Opening up the game world
Graphic design A new book chronicles how a group of artists brought Atari’s wildest fantasies to life
Tim Lapetino’s love affair with Atari 2600 boxes began with his first console, back in 1983. He’s felt its influence throughout his career as an artist and graphic designer – so much so in fact, that the American felt compelled to write a book charting the history of console’s classic game covers.
Part of the artwork’s beauty, Tim says, lies in its use of long-forgotten techniques – as seen on covers for cult games like Video Chess and Defender and Warlords.
“The art was so powerful and excellent that it has stood the test of time visually. Those early games were almost crude by today’s visual standards, but the artwork itself wasn’t. These beautiful, striking images acted as a powerful bridge between the game players’ imagination and the gameplay itself, fleshing out the overall video gaming experience.”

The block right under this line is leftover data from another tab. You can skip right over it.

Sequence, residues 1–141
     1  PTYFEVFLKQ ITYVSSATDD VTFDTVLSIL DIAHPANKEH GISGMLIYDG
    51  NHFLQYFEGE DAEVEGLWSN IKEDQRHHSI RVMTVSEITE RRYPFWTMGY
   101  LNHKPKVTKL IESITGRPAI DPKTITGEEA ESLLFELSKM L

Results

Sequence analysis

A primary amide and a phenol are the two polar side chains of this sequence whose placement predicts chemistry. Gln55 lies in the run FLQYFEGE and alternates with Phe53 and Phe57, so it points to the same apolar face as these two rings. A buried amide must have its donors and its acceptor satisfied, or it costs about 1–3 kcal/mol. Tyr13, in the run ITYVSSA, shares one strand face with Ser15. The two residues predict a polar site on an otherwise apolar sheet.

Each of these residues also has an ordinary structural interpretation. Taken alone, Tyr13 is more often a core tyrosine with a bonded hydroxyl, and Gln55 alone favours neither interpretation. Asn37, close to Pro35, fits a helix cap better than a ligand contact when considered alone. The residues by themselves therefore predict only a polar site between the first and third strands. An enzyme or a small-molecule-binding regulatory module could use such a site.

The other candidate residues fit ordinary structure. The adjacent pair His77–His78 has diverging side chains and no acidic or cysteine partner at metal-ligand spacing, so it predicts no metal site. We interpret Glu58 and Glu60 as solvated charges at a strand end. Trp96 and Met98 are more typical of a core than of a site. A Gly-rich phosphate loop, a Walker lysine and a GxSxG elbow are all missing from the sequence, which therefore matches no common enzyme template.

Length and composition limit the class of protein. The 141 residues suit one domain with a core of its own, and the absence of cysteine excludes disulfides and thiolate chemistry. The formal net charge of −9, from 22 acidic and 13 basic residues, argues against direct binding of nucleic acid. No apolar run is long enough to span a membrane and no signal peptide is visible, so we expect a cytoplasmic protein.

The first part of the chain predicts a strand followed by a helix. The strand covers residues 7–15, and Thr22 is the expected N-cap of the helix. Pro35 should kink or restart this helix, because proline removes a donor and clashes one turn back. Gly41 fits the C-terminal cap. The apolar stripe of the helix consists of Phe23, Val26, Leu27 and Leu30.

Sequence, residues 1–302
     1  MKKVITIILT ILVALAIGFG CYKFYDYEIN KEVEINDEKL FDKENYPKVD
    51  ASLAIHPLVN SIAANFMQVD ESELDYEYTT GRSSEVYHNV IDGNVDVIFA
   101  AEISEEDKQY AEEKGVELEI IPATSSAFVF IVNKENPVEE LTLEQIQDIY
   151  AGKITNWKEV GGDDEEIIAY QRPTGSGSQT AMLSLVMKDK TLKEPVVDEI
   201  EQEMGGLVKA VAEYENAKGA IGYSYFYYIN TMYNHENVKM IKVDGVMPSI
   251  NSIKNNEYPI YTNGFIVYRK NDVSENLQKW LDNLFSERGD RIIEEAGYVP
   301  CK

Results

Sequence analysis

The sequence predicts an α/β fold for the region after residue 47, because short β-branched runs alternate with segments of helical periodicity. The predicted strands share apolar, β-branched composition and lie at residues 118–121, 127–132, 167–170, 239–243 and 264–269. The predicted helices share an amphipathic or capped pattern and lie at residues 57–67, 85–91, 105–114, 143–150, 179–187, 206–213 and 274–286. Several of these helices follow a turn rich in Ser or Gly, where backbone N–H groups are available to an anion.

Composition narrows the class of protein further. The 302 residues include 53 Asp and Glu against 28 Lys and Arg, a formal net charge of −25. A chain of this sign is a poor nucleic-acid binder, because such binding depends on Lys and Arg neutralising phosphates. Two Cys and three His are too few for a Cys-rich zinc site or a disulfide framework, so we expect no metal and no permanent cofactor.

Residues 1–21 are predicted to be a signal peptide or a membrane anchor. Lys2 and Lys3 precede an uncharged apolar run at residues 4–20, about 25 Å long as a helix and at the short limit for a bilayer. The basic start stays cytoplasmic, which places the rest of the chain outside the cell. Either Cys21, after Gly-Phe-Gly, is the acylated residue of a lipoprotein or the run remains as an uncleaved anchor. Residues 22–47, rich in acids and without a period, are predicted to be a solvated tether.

The making of the Art of Atari saw Tim playing detective, as the manufacturer didn’t always credit its design and illustration teams. It was worth the extra effort, though. The book is a fitting tribute to some of game art’s forgotten heroes.
“Atari’s artwork was originally designed to stand out on store shelves and sell video games, and it has transcended that original purpose.”
To see more of Tim’s work and to order the Art of Atari visit www.hexanine.com.
The 1987 re-release of the classic game Centipede sported this fun image on the boxart. 3-D Tic-Tac-Toe featured floating grids, but the characters and slick rendered look was, unsurprisingly, absent.